The AARP South Carolina State Office commissioned a telephone survey to explore the views of its 45+ residents on expanding the Medicaid program in the state.
Key findings include:
- About seven in ten (69%) 45+ South Carolina residents believe that Medicaid is an important government program and nearly half (46%) believe they or someone they know will need it in the future.
- 69% say Medicaid is extremely or very important compared to other government programs. 19% say Medicaid is somewhat important, and only 9% say that it is not very or not at all important.
- 46% say either they or someone they know is extremely or very likely to need Medicaid coverage at some point in the future, and another 21% say this need is somewhat likely.
- Many (54%) 45+ South Carolina residents supports expanding Medicaid to cover adults with no children and who earn up to $15,000 a year.
- 54% strongly or somewhat support the expansion of Medicaid in the state so that adults with no children and earning up to about $15,000 a year can have health care coverage.
- Support remains constant, as the same proportion (54%) say they would support Medicaid expansion knowing that adults with no young children and earning $15,000 a year currently do not qualify for Medicaid benefits.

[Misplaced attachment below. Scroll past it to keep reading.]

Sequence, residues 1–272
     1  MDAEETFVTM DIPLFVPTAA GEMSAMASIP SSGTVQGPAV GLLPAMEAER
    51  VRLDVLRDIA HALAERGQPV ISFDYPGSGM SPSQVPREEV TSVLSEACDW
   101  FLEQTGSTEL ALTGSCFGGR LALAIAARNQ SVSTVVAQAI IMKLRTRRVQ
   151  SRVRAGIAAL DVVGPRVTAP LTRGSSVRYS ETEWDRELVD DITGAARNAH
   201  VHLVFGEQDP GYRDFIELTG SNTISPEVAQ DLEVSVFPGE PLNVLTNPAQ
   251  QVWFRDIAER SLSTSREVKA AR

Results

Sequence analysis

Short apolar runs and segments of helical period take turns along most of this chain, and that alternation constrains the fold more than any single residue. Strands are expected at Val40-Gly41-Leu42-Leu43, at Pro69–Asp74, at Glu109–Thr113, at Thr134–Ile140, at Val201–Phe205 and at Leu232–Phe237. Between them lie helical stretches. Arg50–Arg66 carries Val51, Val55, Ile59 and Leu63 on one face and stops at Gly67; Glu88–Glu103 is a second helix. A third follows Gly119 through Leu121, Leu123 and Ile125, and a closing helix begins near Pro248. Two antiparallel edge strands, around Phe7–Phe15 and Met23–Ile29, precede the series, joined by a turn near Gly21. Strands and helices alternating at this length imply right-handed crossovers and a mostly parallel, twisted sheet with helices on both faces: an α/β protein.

- Nearly two-thirds (64%) of 45+ South Carolina residents believe that the state should use proceeds from the 2000 Tobacco Settlement to expand Medicaid in South Carolina.
- 64% agree that the state should use a portion of the trust fund money from the 2000 Tobacco Settlement in order to expand Medicaid in South Carolina.
- Moreover, 54% disagree with Governor Haley’s decision to decline federal funds in order to expand Medicaid in South Carolina.
This survey was conducted through telephone interviews with a sample of 600 respondents ages 45 and older drawn at random from the state of South Carolina. The sample included two oversamples of 100 interviews each in Senate District 31 and House District 114. The interviews were conducted in English by RDD field services from February 13th through February 21st, 2013. The combined 800 interviews from the study were weighted by age, gender and Districts for South Carolinians ages 45+. For more information, contact Aisha Bonner at 202-434-3531.